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In Norse mythology, Muspelheim (Old Norse: Múspellsheimr), also called Muspell (Old Norse: Múspell), is a realm of fire. This realm is one of the Nine Worlds, ruled by Surtr with his consort Sinmara in some accounts. The denizens of Muspelheim were usually referred to as the Eldjötnar ("fire giants") in Norse tradition, though they were also identified by other epithets in Eddic poetry, such as the Múspellssynir (or Múspellsmegir — "sons of Muspell") and the Rjúfendr (from rjúfa — "to break, tear asunder", Destroyers of Doomsday).[1][2] Both of these terms sometimes described an entirely separate mythological species that dwelled alongside or in place of the eldjötnar within this fiery realm. Muspelheim is fire; and the land to the North, Niflheim, is ice. The two mixed and created water from the melting ice in Ginnungagap. The sun and the stars originate from Muspelheim.

According to the Ragnarök prophecies in Snorri Sturluson's Gylfaginning, the first part of his Prose Edda, the sons of Muspell will break the Bifröst bridge, signaling the end of times:

In the midst of this clash and din the heavens are rent in twain, and the sons of Muspell come riding through the opening. Surtr rides first, and before him and after him flames burning fire. He has a very good sword, which shines brighter than the sun. As they ride over Bifrost it breaks to pieces, as has before been stated. The sons of Muspel direct their course to the plain which is called Vigrid.... The sons of Muspel have there effulgent bands alone by themselves.

The etymology of "Muspelheim" is uncertain, but may come from Mund-spilli, "world-destroyers", "wreck of the world".[3][4]

In popular culture[edit]

The realm of Muspelheim appears as 'Muspel' in Gene Wolfe's book series, The Wizard Knight. It is inhabited by the dragon 'Setr', as a close parallel to Surtr.

"Muspel" is the name of a German colony in Africa in the alternate-reality novel The Afrika Reich by Guy Saville.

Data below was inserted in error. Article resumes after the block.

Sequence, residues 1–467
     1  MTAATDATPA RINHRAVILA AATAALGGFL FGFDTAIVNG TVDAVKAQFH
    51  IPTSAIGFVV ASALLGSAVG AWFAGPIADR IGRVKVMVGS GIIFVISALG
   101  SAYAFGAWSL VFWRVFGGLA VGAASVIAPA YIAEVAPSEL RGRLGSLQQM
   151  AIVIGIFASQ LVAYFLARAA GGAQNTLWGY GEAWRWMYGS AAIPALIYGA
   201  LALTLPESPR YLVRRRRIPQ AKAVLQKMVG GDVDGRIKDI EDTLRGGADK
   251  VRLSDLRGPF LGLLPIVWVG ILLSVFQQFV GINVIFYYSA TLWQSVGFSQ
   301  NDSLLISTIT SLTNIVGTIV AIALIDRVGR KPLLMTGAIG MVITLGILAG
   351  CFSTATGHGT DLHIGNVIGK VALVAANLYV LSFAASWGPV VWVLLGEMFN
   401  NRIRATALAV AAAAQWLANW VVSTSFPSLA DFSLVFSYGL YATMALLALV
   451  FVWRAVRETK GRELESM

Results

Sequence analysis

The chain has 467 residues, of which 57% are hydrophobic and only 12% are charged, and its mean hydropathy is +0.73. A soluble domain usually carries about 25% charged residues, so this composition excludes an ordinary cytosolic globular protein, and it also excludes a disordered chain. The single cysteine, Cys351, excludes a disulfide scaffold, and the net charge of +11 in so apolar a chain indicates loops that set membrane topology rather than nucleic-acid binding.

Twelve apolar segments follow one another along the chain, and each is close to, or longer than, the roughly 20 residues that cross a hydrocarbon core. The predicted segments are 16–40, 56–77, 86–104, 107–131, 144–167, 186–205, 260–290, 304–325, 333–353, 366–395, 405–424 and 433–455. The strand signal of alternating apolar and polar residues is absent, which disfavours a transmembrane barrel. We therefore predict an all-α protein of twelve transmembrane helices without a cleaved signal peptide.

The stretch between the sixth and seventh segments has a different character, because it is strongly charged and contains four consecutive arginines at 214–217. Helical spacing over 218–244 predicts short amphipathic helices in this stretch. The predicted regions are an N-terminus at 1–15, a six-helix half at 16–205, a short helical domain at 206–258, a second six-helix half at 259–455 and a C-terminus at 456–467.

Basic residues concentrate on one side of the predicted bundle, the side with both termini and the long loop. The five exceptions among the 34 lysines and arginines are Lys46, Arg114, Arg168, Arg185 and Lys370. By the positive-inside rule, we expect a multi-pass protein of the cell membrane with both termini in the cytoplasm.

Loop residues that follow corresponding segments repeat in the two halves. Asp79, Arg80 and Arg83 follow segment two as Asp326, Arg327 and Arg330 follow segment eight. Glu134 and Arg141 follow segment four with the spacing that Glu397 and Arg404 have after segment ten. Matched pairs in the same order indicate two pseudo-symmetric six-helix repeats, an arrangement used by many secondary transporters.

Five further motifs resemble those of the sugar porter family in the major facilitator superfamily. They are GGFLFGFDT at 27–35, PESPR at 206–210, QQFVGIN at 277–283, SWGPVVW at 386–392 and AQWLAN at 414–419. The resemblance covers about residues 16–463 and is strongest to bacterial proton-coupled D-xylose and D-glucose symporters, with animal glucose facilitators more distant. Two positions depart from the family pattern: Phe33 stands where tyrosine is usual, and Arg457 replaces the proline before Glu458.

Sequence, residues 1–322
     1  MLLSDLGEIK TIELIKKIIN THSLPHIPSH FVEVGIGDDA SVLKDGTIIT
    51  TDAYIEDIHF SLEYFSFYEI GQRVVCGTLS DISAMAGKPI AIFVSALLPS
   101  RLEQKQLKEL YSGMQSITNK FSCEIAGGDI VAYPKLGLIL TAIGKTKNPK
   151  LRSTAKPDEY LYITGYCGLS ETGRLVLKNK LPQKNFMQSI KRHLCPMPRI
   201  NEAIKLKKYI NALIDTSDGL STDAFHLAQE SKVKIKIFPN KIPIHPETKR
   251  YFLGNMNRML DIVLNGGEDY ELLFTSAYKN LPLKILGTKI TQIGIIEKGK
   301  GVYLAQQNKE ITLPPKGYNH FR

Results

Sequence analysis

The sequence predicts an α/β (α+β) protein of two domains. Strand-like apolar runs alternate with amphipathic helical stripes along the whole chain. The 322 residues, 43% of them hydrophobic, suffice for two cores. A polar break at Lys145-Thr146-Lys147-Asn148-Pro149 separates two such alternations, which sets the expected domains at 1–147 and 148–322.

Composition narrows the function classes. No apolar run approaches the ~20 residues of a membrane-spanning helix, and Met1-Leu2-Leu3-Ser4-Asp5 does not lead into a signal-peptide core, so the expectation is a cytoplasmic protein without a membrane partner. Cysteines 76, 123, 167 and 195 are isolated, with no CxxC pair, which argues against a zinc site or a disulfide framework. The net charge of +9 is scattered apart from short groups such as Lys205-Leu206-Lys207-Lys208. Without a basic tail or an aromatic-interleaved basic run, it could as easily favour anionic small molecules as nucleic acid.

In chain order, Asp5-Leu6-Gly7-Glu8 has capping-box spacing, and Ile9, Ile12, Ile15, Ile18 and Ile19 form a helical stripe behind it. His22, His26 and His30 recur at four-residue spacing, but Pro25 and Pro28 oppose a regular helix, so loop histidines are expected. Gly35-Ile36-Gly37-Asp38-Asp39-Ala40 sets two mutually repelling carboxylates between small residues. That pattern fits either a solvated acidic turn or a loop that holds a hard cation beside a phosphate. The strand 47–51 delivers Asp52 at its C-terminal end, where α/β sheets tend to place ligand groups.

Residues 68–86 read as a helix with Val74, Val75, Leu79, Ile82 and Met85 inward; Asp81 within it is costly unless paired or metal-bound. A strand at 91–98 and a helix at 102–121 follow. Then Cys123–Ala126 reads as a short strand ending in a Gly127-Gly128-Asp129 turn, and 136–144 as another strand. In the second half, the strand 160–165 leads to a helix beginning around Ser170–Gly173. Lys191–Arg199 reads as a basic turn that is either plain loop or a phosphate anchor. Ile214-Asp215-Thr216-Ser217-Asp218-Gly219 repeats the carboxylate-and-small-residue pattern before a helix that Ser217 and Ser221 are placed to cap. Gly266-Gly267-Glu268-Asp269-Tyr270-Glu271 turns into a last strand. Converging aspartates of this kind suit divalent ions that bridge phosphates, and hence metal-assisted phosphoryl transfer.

Muspelheim is the name of a reoccurring boss ship in the Naval Ops: Warship Gunner series.

  • Múspelheim appears in the science fiction novel Resonance: Ragnarok: Volume Three (Kindle Location 3488) by John Meaney
  • Muspelheim is mentioned in the anime Sword Art Online II during a quest taking place in Jötunheim. Yui - an AI in the show - expresses her concern that even if they complete the quest and defeat Þrymr, the flame giants of Muspelheim will take over Alfheim by burning down Yggdrasil.
  • In the Video Game Valkyrie Profile, Muspelheim is mentioned within the magic words that compose the great Magic "Ifreet Caress": "I invoke the rites of fiery Muspelheim, now give up thy soul to inferno's embrace! Ifreet Caress!"
  • In the videogame La Mulana 2, Múspelheim (spelled "Muspellheim") is an area within the ruins Eg'Lana and is known as the "Blazing Frost Canopy", a land that's both frozen and on fire. This technically makes it both Múspelheim and Niflheim in one.
  • In the Japanese light novel Mahouka Koukou no Rettousei, Muspelheim is the name of a magic spell that creates a field where immense heat, capable of creating plasma, is generated.
  • In the Amon Amarth song "Destroyer of the Universe", Muspelheim is mentioned in the first verse.
  • In the Unleashed song "The Bolt Thrower" the titular character in the song was "Forged in the fires of Muspelheim."
  • In the 2014 video game Bayonetta 2 Muspelheim serves as the location of challenge rooms within portals found throughout levels, however the realm is not represented like it is described in Norse Mythology but instead like the typical depictions of Judeo-Christian "Heaven" and "Hell".
  • In Heroine's Quest, Muspell (actually eldjötnar) appear as enemies.

See also[edit]


  1. ^ "Court poetry, vol. I. ", pg. 183; "Court poetry, vol. II", pg. 472, s.v. "Demon World-Destroyers"
  2. ^ Germanic Lexicon Project:
  3. ^ Tilton, Theodore (1897). The complete poetical works of Theodore Tilton in one volume: with a preface on ballad-making and an appendix on old Norse myths & fables. London: T. Fisher Unwin. p. 705. Retrieved 2013-01-05. 
  4. ^ Vigfússon, Guðbrandur; Frederick York Powell (1883). Corpus poeticum boreale: Court poetry, vol. II. Oxford: Clarendon Press. p. 471. Retrieved 2013-01-05.